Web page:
Recently I've been nominated for a couple of law school dean positions.  I've even toyed with the idea of formally applying.  Although unlike Mitt Romney and Donald Trump I can't claim to enjoy firing people per se, I do think I'd positively relish the opportunity to give the ziggy to the significant percentage of employees at the typical law school who deserve to have their sinecures terminated with extreme prejudice.

Wow!

Posted by Brian Leiter on November 8, 2012 in Law in Cyberspace, Law Professors Saying Dumb Things, Of Academic Interest, Professional Advice | Permalink

May 28, 2012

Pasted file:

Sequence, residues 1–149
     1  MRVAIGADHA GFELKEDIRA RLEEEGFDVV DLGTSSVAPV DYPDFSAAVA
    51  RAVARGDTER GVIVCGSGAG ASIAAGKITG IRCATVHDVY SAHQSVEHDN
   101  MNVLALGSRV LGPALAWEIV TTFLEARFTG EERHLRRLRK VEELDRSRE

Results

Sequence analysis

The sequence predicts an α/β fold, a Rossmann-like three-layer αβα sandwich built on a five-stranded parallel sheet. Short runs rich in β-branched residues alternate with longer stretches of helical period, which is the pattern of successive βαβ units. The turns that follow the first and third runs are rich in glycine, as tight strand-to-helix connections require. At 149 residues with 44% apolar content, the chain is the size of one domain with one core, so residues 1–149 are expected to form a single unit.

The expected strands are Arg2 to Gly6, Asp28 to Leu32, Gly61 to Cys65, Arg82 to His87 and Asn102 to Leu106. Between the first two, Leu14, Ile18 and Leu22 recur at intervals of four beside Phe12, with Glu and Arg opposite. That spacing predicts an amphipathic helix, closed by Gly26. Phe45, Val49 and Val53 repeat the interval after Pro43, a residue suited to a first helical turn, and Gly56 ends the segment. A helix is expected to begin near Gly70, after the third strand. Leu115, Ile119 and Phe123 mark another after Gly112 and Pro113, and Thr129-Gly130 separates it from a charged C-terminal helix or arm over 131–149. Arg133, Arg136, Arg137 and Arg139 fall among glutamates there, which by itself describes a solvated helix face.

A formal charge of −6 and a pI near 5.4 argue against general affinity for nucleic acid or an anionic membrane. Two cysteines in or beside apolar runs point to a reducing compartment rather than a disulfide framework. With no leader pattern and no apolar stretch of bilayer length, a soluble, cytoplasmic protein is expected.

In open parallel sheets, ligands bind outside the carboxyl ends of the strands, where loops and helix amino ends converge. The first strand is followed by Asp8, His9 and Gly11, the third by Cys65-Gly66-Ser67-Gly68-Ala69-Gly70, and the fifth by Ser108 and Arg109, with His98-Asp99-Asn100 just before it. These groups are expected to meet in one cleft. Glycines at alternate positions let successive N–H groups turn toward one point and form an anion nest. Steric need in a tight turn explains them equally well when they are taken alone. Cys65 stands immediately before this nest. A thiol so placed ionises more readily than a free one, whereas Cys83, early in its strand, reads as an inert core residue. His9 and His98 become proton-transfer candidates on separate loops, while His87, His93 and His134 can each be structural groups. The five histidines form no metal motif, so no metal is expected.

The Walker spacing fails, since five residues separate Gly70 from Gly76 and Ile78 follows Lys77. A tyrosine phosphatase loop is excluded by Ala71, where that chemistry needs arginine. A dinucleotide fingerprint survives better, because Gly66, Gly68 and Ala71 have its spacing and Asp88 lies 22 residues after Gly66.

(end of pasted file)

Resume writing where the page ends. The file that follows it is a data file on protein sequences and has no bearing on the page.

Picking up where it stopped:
Michael McConnell Embarrasses Himself

Sam Bagenstos (Michigan) comments.

Posted by Brian Leiter on May 28, 2012 in Law Professors Saying Dumb Things, Of Academic Interest | Permalink

May 01, 2012

Right-Wing Crazy Obsession Du Jour: Elizabeth Warren Claimed to be Native American

The usual suspects are on the case, but I can't figure out why.  I assume she self-identified in the AALS Directories as Native American because she is (it was news to me, I should add).  Is someone denying that?  It's hard to tell. 

Perhaps, though, the implication is that she got hired for affirmative action reasons, and not because of her work.  (UPDATE:  Here's some right-wing crazies making that argument.) That strikes me as dubious for two reasons